Have You Finished?
James Smith, 1859
Traveling toward town in a railway carriage, two shorthand writers were copying their notes, busily they wrote on for some time, until at length one of them exclaimed, "Have you finished?"
He who wishes to improve circumstances, will never lack a circumstance to improve. What a merciful provision it is, that we are enabled to clothe our thoughts with words — that others may understand them; and then to be able to commit them to paper — that others may read them. How surprising that one man is able to note down words as fast as another speaks them, and then present them to the public with the greatest accuracy.
How many mercies we have, that we have never praised God for! Blessed be God, for the power of speech, that we were not born mute, as many poor creatures are! Blessed be God, that we were ever taught to read, so that we may profit by the thoughts of others which are made public! Blessed be God, that we ever learned to write, so that we can communicate our desires, purposes, plans, and enjoyments to friends at a distance! Blessed be God, for the art of printing, that copies of good, instructive, and profitable books can be multiplied so easily, and such multitudes be benefitted thereby! I might go on thanking God for the invention of paper, ink, pens, pencils, etc, etc — but I must not go into too many particulars. Only allow me to ask you, reader, to join with me, in blessing God for All of his mercies — the multitude of his mercies. Have you finished?
How delighted the school boy is when he has finished his lesson, or done his long sum; and often how much delighted when he has finished schooling altogether. How delighted the young man is, who has learned his trade, is just out of has time, is about to work for wages, and his liberty to choose his own employer. How delighted the journeyman is, who has finished working as another man's servant, and is just going to set up in business for himself.
Man loves change — and yet changes are not always for the best. Many a man has confessed that his school-boy days were his happiest; others have said that they were never more comfortable than when apprentices; and many a master has acknowledged that he had more real enjoyment, and much more freedom from care, when he was a journeyman, than ever he has had since.
Few rightly estimate present mercies. We are always reaching after something before us and beyond us. Few, very few of us have learned Paul's lesson; "Having food and clothing — let us be content with that." Necessary food and suitable clothing are all that we can enjoy — have what we may. More brings care, fear, anxiety, and many troubles.
Have you finished? You may perhaps have been seeking peace of conscience, and comfort of mind in the world; or by your devotions and good deeds. If so, the sooner you have finished the work the better; for you will never find either peace or comfort in that way.
If you would have peace of conscience — come to the blood of Jesus, and exercise faith in his glorious sacrifice, and peace will soon be yours.
If you would have comfort of mind — seek to know God as your father, take his precepts as your guide, and put your trust in his exceeding great and precious promises; and comfort will soon now into your soul. Finish with the law, and begin with the gospel — if you wish to enjoy peace, walk comfortably with God, act honorably with your fellow-men, and die in sure and certain hope of a resurrection to everlasting life.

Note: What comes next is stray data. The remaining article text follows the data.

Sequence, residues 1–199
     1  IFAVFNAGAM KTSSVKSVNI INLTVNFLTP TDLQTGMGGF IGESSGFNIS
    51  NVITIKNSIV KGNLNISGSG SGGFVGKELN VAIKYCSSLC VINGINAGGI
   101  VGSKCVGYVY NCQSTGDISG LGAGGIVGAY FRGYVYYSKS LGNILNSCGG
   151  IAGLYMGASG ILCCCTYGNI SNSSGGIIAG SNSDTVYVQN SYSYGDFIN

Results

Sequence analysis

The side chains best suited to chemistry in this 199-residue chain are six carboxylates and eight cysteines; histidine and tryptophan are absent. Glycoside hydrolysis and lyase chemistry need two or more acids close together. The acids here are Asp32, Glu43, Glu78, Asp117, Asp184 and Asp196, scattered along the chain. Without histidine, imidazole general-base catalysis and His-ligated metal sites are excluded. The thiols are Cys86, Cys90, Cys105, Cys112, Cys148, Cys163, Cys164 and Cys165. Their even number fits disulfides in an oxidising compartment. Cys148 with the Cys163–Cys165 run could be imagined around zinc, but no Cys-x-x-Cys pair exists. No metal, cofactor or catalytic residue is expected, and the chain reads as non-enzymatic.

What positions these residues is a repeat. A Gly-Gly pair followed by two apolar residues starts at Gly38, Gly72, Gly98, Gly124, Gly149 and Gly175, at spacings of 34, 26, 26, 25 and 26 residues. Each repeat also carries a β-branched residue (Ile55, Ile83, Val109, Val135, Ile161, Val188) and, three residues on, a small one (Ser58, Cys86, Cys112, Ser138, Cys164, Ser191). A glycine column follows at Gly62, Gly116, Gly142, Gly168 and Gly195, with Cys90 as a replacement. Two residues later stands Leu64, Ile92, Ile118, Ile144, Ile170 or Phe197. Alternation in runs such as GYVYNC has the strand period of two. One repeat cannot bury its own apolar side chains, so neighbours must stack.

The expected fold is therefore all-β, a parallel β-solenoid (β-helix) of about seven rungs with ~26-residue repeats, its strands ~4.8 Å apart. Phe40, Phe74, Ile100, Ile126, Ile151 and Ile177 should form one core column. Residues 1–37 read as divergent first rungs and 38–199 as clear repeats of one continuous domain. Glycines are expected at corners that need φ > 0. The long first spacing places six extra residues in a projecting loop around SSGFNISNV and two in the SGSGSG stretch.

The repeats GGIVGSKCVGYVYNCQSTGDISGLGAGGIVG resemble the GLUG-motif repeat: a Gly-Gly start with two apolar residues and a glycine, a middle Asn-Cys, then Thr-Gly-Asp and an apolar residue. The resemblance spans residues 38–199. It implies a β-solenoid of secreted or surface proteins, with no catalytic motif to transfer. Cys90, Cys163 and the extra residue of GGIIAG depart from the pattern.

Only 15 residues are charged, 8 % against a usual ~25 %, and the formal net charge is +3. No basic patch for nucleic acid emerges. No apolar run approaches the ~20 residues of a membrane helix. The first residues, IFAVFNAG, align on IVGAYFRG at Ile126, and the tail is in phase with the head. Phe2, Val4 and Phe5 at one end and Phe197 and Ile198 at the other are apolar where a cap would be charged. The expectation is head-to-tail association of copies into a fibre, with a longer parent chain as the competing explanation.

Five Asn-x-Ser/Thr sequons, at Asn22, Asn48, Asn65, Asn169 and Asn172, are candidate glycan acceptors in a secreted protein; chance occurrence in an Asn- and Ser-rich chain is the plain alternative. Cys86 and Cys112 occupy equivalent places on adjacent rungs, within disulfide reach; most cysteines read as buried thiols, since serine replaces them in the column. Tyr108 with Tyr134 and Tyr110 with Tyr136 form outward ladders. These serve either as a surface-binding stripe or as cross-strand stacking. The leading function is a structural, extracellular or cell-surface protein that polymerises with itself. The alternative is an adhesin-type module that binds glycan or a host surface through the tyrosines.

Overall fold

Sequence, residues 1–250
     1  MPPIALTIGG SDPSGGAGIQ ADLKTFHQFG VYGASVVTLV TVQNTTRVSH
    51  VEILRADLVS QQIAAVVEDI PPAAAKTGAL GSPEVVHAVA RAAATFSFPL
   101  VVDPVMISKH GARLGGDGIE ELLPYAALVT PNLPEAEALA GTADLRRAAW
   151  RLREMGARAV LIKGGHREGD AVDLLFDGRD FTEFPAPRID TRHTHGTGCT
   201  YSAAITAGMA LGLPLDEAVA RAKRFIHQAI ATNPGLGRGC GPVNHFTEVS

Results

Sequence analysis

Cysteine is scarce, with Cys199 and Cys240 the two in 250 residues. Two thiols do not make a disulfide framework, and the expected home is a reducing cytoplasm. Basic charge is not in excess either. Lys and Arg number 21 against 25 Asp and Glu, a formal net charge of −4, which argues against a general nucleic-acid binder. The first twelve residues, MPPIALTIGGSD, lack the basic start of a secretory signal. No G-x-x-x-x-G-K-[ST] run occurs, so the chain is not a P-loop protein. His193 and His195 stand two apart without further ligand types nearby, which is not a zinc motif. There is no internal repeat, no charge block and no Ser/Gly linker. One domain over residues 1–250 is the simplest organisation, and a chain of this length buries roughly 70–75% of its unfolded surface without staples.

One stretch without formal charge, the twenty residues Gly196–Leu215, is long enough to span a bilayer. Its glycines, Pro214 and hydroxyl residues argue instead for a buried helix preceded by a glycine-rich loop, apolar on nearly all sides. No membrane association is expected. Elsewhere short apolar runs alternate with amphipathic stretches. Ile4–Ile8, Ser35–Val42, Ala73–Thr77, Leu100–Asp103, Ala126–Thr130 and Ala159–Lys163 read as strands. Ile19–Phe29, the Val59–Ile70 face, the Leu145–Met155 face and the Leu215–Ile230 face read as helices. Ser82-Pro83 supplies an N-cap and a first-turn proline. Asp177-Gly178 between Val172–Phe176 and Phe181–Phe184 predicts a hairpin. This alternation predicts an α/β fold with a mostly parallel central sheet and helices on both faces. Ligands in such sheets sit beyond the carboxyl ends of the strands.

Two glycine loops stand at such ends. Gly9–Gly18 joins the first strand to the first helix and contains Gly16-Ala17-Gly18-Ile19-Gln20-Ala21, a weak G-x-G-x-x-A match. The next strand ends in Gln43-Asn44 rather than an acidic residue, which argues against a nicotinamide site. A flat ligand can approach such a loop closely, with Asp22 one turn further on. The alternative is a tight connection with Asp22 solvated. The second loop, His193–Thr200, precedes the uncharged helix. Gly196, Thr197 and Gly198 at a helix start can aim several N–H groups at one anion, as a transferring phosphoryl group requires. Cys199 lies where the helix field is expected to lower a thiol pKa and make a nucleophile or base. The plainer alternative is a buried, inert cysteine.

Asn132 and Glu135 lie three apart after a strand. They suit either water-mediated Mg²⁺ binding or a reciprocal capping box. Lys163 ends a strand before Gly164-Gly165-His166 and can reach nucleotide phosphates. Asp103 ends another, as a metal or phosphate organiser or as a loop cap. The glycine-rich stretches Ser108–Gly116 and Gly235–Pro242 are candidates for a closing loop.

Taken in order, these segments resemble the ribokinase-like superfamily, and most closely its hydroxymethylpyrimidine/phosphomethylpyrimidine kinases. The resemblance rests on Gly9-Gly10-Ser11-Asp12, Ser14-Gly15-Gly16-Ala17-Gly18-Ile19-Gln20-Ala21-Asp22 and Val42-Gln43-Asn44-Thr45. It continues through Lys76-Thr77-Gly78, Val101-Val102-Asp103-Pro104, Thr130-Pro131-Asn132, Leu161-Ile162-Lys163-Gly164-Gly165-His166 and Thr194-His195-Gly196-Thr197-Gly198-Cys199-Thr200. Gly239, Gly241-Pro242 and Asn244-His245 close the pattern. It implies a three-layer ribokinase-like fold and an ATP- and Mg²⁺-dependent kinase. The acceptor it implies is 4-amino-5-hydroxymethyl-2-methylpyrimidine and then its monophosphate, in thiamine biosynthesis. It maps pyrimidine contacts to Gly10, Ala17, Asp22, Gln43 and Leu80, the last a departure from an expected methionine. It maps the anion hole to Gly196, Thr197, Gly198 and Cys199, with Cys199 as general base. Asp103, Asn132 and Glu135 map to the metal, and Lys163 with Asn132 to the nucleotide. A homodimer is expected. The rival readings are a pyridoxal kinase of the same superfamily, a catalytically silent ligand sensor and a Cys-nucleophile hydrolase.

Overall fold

Have you finished? Some are always finding fault with Divine providence, and complaining of their lot. Now the sooner this is finished, the better! We read in God's Word, that "The people began to complain about their hardship, and the Lord heard everything they said. Then the Lord's anger blazed against them, and he sent a fire to rage among them, and he destroyed some of the people in the outskirts of the camp!" Numbers 11:1. And yet, perhaps, they had quite as much to complain of as we have. But complaining does not befit us Christians — who owe everything to God's Mercy. If we only had our desert — our lot would be truly miserable, and our final doom dreadful. As it is, we have many mercies, and all of them are unmerited; and many more may be had, if we would only seek them of the Lord. Let us, therefore, leave off murmuring and complaining, and let us look at our mercies, consider our blessings, and we shall soon praise the Lord.
Have you finished? Like the men referred to at the head
of this article, many are only copying other men's thoughts, and
giving currency to other men's ideas. They do not think for themselves,
and utter their own words. This is not manly. It is not befitting of us. If
we must copy — then let us copy the example of God's Son in our
lives. Such copying would be commendable, because it would be profitable. It
would . . .
correct our wrong views,
regulate our own thoughts,
and guide our feet into the way of peace.
Have you finished? Every one of us have a work to do, a
task to perform. We have . . .
a soul to save,
a God to glorify,
a generation to serve,
a Heaven to obtain,
a Hell to escape!
Soon, perhaps very soon, death will knock at our chamber-door, and ask, Have you finished? Suppose that was to be the case tonight — today — how would it be with us? Have we believed in Jesus to the salvation of our souls? Have we glorified God in our souls and bodies, which are his? Have we served our generation by the will of God? Do we know in ourselves, that we have in Heaven — a better and enduring substance? Have we fled for refuge to Jesus, that we may with the Thessalonians, "wait for God's Son from Heaven, even Jesus, who delivered us from the wrath to come?" O let us seek to have our work done, our evidences bright, and our prospect clear — that whenever death comes, we may say, "I am ready, I have finished!"